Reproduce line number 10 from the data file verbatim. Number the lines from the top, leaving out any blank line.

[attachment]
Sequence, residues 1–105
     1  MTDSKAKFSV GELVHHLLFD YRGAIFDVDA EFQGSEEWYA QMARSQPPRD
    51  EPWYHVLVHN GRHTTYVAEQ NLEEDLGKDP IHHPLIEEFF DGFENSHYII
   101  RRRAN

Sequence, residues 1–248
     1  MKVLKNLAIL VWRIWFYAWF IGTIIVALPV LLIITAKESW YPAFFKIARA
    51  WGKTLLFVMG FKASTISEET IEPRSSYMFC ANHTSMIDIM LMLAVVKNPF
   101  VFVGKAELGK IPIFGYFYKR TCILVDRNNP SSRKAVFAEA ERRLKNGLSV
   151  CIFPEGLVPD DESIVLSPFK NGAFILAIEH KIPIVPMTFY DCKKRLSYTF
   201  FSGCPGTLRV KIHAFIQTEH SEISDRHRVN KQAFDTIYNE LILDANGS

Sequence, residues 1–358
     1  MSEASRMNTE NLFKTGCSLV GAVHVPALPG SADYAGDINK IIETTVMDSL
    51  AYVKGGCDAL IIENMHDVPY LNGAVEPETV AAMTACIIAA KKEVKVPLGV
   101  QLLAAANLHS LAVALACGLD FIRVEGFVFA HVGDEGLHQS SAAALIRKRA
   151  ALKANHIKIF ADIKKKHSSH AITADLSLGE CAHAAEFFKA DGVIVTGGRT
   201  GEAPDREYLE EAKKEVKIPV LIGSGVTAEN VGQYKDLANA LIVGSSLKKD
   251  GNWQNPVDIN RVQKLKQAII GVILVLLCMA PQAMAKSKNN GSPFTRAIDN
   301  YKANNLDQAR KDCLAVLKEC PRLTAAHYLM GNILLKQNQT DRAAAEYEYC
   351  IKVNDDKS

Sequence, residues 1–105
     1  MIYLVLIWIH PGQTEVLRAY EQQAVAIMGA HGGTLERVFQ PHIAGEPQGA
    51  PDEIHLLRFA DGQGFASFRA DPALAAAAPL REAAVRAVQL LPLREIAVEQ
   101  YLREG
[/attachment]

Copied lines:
   201  FSGCPGTLRV KIHAFIQTEH SEISDRHRVN KQAFDTIYNE LILDANGS